Minister "moers" corruption

Fikile Mbalula (Gallo Images)
Fikile Mbalula (Gallo Images)
Johannesburg - Sport and recreation Minister, Fikile Mbalula’s fight against corruption in sport and his commitment to advance sport codes through sound and clean governance, loyalty to all sports, a levelheaded approach to sport development amongst youths and quotas, graphically illustrates why politics has a moral obligation to intervene in sport.

Mbalula again nailed corruption in sport when he confirmed that the suspended CEO of Cricket South Africa (CSA), Gerald Majola and former Chief Operation Manager, Don McIntosh, must repay millions of rands they received in unauthorized bonuses.

After providing pivotal guidance to create structures and strategies to resolve the bonus scandal in CSA Mbalula said that he will not tolerate corruption in sport.

In an article, No cash for corrupt sport, carried by Sport24 on 24 January 2012, Mbalula was quoted to say: “We have made it clear that we will not collaborate with corrupt activities in sport.”

The minister said he would not ask business in South Africa to put money into corrupt sport. “By doing so it is investing in social cohesion, and it is equally a fight against crime,” he said.

Mbalula’s commitment to good sport governance stretches further than cricket and in recent times he spoke harsh words about the lack of leadership showed by former president of Athletics SA, Leonard Chuene; the African Cup of Nations qualifying fiasco; and the ongoing rivalry between the South African Sports Confederation and the Olympic Committee.

Despite the minister and his department’s ongoing involvement in bad sport administrations Mbalula said that it should not be necessary for his ministry to intervene in sport administration. He said sport administrations should be able to deal with their problem without the involvement of government but that he has no option to intervene when administrators are dragging their feet.

In the past Minister Mbalula committed him to transformation in sport and the creation of equal opportunities through development programs for scholars rather than quotas.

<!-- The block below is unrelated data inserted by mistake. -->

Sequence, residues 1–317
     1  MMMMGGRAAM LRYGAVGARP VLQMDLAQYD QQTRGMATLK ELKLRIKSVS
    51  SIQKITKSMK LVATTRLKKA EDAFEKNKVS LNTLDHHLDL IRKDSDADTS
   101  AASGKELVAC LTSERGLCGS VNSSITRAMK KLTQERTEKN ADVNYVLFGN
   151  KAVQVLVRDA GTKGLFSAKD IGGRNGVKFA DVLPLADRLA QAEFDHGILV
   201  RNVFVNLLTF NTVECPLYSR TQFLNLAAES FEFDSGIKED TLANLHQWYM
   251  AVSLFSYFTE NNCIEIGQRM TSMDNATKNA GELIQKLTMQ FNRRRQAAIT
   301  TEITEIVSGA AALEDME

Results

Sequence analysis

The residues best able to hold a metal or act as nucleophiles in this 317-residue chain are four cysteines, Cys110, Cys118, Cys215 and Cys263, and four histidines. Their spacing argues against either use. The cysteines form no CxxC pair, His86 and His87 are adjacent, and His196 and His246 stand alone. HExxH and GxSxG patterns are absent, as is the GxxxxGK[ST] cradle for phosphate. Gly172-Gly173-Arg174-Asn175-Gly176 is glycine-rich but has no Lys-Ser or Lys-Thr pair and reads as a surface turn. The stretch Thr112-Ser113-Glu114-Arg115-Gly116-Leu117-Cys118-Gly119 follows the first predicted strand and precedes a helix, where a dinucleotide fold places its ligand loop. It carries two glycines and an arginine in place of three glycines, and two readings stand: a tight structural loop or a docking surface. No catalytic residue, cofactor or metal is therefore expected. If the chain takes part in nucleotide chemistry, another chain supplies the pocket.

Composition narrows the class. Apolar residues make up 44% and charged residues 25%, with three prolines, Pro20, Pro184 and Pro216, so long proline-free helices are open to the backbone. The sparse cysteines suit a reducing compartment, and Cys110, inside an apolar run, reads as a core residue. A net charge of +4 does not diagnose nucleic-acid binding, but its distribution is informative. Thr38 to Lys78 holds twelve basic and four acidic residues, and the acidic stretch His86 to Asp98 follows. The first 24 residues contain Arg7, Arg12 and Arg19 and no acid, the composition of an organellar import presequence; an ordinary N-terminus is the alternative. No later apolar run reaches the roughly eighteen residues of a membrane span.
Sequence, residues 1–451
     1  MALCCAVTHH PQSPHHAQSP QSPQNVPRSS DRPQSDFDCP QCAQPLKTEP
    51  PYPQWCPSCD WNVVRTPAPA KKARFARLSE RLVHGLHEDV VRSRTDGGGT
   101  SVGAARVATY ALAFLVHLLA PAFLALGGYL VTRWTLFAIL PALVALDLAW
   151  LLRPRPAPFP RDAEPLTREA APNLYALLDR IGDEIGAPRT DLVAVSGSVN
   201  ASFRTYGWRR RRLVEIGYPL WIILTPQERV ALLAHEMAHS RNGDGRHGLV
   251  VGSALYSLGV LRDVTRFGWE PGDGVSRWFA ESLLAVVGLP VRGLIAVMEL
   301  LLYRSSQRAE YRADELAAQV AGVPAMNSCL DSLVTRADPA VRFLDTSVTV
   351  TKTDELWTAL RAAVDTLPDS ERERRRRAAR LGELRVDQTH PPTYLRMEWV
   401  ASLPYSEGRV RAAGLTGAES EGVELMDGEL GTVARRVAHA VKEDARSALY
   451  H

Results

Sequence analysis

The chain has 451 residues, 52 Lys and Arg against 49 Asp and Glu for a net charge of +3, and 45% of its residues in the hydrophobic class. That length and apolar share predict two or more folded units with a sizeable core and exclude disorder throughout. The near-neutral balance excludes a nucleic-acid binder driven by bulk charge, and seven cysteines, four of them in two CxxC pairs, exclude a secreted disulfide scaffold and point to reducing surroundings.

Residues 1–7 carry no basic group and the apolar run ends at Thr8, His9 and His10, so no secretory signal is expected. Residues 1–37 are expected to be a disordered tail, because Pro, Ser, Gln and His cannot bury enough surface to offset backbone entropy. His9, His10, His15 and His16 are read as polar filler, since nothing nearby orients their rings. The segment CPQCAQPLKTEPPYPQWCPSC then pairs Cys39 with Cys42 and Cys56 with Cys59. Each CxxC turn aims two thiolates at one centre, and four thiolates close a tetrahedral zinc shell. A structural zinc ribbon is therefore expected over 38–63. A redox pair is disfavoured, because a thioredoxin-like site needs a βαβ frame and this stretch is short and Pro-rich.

He emphasized on numerous occasions that transformation is not a black-versus-white-matter but sport development of youths.

The department of sport allocated 40% of its budget to the physical training of children between 6 and 12 years.

In a media interview the minister said that the emerging of sport stars through early childhood development programs will bring an official end to quotas.

The minister set the ball rolling for a sport development facilitation centre in South Africa, based on the Australian model.

He said private and public partnerships will develop South Africa’s local and international competitive abilities.

With his call that the Springboks should go to the world cup in New Zealand with the intent to “Moer hulle! Bliksem hulle, die bokke sal dans!”, minister Mbalula became a leader of all people.

In an article of Sport24 on 9 September 2011, Mbalula slams Bok critics, the minister made it clear that there is no room for senseless criticism about team elections. He said “as ons verloor, verloor ons saam. As ons wen, wen ons saam. Vorentoe Die Bokke.” 

The minister lashed out at those, with little loyalty towards the Boks, who saw the World Cup as an opportunity to travel and dine: “Those self-seeking Johnny-come-lately’s who were not there when you played test and Tri-Nations rugby; those recalcitrant pessimistic cowards, who, when faced with challenges, stuck their heads in the sand like ostriches and did nothing to support the team.”        
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